I remember learning about Sam Houston in school. President of Texas, instrumental in securing Texas independence through his defeat of Mexican leader Santa Anna in the Battle of San Jacinto; namesake of the fourth largest city in America. But all that might never have occurred… due to a failed marriage which involved my 3rd great grand-aunt.
In 1829, Houston was the 36 year old governor of Tennessee. He decided to court 19 year old Eliza Allen (my ancestor). Her family, aristocratic as they were, believed Houston would make a great catch for the young girl so they encouraged the union. The resulting marriage lasted only eleven weeks. Neither Eliza nor Sam ever publicly talked about the reason for the separation although rumors ran rampant because Houston did not just leave the marriage…he resigned his office of governor and went into seclusion, living among the Cherokees for three years. He even took a Cherokee woman as wife, despite not having received a divorce from Eliza.
As for her, she returned to her family. Besides never talking about her failed marriage, she instructed that upon her death, all letters and images of her should be burned in an attempt to keep the past hidden from public view.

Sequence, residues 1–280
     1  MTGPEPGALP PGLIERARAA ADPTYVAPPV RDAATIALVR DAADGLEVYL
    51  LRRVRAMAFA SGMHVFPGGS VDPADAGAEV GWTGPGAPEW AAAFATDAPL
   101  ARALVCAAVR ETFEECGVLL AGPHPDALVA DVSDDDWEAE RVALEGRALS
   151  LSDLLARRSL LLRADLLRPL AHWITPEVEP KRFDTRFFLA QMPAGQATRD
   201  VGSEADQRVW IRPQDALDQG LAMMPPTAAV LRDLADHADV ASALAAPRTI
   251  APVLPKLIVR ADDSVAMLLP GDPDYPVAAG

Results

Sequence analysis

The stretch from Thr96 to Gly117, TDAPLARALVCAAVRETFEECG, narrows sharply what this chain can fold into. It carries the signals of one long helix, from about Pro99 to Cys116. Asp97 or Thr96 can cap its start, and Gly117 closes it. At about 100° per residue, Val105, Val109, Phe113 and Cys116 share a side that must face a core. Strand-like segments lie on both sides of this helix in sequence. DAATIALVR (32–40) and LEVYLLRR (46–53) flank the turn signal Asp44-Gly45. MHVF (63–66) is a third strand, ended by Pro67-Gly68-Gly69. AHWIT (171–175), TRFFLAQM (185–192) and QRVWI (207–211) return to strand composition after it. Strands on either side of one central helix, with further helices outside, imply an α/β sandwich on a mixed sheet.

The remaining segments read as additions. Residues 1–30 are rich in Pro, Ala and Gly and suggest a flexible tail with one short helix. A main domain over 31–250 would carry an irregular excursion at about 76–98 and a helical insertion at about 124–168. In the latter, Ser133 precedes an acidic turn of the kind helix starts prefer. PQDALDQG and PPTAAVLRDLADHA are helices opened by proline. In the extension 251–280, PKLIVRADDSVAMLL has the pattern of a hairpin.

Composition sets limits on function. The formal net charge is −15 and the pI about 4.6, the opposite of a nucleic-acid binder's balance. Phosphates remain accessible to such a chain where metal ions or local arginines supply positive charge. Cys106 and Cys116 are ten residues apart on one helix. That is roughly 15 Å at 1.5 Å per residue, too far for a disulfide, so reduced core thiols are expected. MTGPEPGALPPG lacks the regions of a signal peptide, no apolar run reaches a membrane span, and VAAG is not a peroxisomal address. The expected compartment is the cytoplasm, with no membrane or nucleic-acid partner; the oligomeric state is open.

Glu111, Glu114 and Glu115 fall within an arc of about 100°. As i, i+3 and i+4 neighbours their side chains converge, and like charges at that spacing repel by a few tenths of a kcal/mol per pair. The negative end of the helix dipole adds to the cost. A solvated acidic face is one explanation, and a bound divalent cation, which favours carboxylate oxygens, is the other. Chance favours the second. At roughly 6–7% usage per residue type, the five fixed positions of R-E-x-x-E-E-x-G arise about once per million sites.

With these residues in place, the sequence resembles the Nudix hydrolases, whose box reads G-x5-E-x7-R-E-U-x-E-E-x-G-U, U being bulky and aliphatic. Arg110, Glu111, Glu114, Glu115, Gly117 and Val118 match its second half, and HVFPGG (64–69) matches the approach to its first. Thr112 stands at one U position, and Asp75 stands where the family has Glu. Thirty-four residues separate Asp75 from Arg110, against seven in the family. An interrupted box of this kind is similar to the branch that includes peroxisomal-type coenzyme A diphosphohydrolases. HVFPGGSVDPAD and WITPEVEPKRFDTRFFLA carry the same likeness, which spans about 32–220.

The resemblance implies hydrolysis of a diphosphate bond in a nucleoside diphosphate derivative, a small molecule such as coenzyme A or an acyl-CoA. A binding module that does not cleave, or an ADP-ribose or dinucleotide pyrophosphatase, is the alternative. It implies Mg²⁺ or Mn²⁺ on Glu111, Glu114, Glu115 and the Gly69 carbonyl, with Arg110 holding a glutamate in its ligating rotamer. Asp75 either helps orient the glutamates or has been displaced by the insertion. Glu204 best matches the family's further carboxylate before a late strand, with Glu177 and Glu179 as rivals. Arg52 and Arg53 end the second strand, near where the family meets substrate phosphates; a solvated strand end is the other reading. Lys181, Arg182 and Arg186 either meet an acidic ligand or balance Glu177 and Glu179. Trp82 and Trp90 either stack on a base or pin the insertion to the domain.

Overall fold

However, the family stories still exist. One in particular tells a tale that, had it played out differently, might have had a devastating effect on the future of our nation.
When Houston fled the marriage and Tennessee, Eliza’s brother and another family member reportedly went after him to defend her honor by killing him if need be. Supposedly, they caught up to him in Clarksville but when they confronted him, he gave such an impassioned plea that he did no ill to Eliza nor did she to him, they decided to let him continue his way into Indian territory.
Whatever Houston said was enough to spare a life that would go onto to help galvanize a nation. Houston eventually decided to leave the Cherokee (and his Indian wife) to resume public life in Texas. A divorce between Sam Houston and Eliza Allen was finally arranged in 1840 and both parties were able to legally marry others and have children. But the details of their eleven week marriage and why it failed remains buried with them.
Michael Ondrasik and Home Video Studio specialize in the preservation of family memories through the digitalization of film, videotape, audio recordings, photos, negatives, and slides. for more information call 352-735-8550 or visit our website.